The most important, telling moment of your National Hockey League weekend quietly occurred Sunday morning, about an hour before the early slate of NFL games kicked off. It didn’t involve Dave Bolland, Craig Anderson or John Tortorella, and happened nearly two days after Ray Emery’s ridiculous end-to-end rush. (A development that generated such a flurry from the ant-fighting lobby, I half-expected the Saturday schedule to be cancelled completely, making way for a Hockey Summit to be commenced immediately.)
No, the biggest news passed silently under all those partisan voices that keep telling us how much trouble the game of hockey is in. The news of the weekend was this: Patrick Kaleta clearing waivers, assigned to AHL Rochester. Yep, that’s it. Kaleta clears.
Why, you wonder, is that bigger than Emery fighting an unwilling opponent? That was a random event that might occur once, twice a season. Kaleta’s game was a scourge on hockey 82 nights a year—or 82 minus however many games he was suspended for. Removing the Kaletas is far more impressive than inventing a rule to keep the odd goalie/bully in check. And why is it bigger than another biased rant on the instigator rule from a coach who—like all of them—only sees the transgressions committed by opponents, and never his own team? Well, the answer reminds me of a story.
A few years ago I was in a press box in Los Angeles, kibitzing with an executive from a team that employed Daniel Carcillo. He, like Kaleta (and you can insert Raffi Torres in here as well), is 10 times more dangerous than any fighter—at least you know when the fighter is coming. The exec said, and I paraphrase because it was not a conversation to be written down, “I’d be happy if Carcillo wasn’t in the league. But if he is going to be, I want him on my team instead of having to play against him.”
Over the weekend, 29 GMs had a chance to snap up Patrick Kaleta under those same pretenses. Vancouver GM Mike Gillis could have replaced Tom Sestito with a swifter, harder-to-play-against Kaleta; any number of soft, push-over teams could have seen him as an inoculation against being too easy to play against; Ottawa, in need of a spark, could have found one in the rambunctious, totally unpredictable winger. But 29 GMs looked at the waiver wire, and passed. That, ladies and gentlemen, is the biggest sign of progress against on-ice violence that we have seen in some time.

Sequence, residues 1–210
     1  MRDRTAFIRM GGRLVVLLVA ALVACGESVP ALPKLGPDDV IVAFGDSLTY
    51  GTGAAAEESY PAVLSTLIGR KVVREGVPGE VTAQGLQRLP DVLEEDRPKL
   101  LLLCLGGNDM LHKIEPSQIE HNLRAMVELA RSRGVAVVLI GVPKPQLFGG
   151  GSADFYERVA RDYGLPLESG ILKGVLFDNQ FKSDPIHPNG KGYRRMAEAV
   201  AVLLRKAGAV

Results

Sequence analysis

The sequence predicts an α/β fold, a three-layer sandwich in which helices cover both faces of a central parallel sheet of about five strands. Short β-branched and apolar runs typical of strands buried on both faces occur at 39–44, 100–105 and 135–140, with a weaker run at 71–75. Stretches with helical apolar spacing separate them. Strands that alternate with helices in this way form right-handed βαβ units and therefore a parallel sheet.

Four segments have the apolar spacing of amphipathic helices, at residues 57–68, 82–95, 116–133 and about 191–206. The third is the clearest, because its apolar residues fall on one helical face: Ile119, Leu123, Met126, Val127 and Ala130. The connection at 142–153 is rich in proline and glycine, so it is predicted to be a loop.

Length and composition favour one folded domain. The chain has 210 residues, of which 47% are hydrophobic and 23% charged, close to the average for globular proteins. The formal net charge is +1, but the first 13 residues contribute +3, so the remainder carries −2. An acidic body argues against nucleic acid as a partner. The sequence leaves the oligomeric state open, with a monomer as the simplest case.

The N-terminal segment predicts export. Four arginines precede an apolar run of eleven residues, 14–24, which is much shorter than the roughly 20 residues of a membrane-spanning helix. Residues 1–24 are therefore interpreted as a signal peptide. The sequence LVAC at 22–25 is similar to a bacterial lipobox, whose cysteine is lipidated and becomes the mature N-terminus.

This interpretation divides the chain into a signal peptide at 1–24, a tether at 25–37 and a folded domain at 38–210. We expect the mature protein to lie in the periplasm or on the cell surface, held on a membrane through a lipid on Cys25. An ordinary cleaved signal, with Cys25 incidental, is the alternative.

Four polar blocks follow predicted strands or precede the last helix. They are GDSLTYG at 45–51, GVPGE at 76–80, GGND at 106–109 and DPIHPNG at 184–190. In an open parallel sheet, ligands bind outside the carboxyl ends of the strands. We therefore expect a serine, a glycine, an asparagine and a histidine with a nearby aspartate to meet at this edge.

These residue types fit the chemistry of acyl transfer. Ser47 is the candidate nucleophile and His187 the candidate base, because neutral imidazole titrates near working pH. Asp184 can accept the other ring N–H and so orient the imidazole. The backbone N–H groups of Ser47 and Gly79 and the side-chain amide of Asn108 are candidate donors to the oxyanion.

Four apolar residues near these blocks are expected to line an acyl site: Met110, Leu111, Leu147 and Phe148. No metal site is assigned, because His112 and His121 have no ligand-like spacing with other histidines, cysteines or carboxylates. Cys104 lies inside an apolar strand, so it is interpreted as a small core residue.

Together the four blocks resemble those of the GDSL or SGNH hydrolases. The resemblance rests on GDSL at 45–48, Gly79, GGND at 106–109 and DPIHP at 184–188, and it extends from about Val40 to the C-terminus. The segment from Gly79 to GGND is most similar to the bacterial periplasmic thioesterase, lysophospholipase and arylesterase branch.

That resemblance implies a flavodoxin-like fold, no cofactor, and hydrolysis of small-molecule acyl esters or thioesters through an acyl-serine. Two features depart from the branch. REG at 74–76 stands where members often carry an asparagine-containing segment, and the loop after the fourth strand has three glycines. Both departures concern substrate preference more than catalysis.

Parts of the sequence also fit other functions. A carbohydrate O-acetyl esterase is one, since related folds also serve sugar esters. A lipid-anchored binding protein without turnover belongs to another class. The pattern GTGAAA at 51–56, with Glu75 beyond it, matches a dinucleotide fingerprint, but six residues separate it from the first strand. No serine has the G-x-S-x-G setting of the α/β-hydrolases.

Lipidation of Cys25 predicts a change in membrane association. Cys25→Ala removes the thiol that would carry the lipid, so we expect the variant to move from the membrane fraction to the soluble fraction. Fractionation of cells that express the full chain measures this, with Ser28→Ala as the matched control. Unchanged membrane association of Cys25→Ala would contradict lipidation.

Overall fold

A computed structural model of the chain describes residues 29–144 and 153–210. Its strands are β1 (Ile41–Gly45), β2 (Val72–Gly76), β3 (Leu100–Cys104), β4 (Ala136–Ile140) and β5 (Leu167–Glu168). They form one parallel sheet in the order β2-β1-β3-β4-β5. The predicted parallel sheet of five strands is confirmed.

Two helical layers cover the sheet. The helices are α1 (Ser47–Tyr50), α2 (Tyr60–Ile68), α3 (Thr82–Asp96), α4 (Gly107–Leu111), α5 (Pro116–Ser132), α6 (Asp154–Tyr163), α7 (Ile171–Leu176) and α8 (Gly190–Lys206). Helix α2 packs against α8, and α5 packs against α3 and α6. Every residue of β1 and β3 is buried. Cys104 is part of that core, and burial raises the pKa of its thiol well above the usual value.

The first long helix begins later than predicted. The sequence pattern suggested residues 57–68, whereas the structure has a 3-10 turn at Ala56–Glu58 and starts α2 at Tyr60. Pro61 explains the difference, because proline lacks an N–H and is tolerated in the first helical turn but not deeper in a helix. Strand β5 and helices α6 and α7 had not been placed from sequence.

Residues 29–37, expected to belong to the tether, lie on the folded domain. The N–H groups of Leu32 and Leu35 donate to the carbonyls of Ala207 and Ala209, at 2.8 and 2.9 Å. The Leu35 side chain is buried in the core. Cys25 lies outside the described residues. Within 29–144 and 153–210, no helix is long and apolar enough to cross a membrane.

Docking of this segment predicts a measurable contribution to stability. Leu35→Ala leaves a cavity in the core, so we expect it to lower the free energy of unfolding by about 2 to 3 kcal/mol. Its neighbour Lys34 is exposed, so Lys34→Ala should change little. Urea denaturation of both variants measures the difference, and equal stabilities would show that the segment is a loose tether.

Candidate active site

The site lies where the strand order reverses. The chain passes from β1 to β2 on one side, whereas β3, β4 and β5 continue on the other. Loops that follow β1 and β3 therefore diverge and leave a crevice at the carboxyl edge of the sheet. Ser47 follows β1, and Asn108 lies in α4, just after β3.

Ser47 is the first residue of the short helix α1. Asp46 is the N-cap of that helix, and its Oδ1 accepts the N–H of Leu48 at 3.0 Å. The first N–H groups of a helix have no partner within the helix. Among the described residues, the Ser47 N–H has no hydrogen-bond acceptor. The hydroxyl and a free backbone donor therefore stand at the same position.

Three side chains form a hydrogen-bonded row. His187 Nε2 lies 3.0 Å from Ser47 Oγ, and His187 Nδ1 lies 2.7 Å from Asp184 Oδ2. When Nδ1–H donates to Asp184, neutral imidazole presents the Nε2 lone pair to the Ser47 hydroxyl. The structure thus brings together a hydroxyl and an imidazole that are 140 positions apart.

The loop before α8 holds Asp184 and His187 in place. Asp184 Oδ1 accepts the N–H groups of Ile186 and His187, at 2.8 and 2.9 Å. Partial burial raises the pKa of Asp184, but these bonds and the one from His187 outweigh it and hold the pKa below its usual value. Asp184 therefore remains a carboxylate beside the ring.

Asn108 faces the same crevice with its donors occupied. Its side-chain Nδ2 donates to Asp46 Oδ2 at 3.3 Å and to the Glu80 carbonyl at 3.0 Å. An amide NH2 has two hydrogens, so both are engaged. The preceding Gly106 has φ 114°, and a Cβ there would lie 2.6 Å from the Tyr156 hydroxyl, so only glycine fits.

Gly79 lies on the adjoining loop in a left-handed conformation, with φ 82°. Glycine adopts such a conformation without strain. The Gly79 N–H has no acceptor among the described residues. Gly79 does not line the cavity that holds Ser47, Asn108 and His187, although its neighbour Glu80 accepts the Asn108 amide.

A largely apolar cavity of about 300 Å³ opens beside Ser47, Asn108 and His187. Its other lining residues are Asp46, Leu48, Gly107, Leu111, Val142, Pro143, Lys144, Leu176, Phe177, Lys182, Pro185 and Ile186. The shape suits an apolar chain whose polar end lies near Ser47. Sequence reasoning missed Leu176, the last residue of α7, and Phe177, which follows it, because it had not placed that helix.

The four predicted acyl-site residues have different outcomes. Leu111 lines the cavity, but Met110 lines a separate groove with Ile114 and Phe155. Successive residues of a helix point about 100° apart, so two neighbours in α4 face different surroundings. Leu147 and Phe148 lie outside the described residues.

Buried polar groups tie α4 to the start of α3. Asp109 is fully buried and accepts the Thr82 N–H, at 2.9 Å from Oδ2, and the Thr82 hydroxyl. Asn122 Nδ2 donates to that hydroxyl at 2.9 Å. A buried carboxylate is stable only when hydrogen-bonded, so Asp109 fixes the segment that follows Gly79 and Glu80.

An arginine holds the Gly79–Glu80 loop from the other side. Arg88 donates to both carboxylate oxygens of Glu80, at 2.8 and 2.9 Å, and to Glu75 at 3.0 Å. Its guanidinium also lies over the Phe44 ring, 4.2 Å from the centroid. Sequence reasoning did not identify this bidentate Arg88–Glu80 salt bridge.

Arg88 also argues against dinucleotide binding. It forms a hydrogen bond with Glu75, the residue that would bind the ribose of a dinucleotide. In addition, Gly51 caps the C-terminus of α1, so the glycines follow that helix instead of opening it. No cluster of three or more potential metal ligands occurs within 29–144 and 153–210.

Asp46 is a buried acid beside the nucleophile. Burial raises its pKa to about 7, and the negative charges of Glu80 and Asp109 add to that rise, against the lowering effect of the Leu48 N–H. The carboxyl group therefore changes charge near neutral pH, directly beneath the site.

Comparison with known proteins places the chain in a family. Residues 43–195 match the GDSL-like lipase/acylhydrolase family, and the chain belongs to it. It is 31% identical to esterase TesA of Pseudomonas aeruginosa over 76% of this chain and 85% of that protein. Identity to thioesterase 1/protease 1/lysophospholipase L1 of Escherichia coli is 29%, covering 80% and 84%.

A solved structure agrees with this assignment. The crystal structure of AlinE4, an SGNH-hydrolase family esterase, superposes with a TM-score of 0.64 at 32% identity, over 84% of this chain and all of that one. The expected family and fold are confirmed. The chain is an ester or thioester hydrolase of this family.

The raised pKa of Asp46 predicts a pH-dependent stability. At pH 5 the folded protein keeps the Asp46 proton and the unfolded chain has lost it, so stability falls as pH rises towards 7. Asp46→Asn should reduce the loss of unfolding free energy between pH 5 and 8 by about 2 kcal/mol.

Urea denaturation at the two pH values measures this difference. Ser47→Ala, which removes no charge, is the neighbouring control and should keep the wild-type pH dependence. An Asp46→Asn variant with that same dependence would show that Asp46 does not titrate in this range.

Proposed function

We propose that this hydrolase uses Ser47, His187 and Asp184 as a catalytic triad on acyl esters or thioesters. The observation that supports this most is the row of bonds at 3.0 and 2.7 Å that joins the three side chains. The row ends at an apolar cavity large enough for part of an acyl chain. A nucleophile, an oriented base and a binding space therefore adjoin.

Kaleta never even got a chance to return from a 10-game suspension after his latest dangerous escapade. Buffalo GM Darcy Regier met him at the rink and gave him the Matt Cooke speech—but unlike Ray Shero in Pittsburgh, Regier would have been fine with losing Kaleta altogether. “I think there is a significant amount of work that he will have to do to redesign his game in order to give him an opportunity to play,” Regier said. “When we talked about it internally, if it was with us, it had to take place in Rochester.” It is a happy day that the Sabres finally came to that conclusion, but Regier gets no points here. He watched this guy endanger opponents for years, becoming a repeat offender and one of the few, true hatchet men to survive Rule 48, which covers off hits to the head.
It is quite a piece of evolution, however, that the climate of acceptance for players who play the way Cooke used to play, the way Torres and Carcillo continue to play, has cooled this much. Did any of you notice a tweet this weekend congratulating Brendan Shanahan and Gary Bettman for creating an environment in which Kaleta can no longer play? Or was your Twitter timeline—like mine—filled with that hip, anti-fighting lobby calling for the commissioner to invent a new rule on the spot to suspend Emery.
The best, most effective change is change from within. Change that is willed, not mandated. The micro example of that is Cooke, who has eschewed his former brand and found a way to still be an effective NHL player. The macro example is 30 GMs with an opportunity to have Patrick Kaleta on their team, and every single one of them saying, “No chance.”
Bravo, hockey. We’re getting somewhere with this.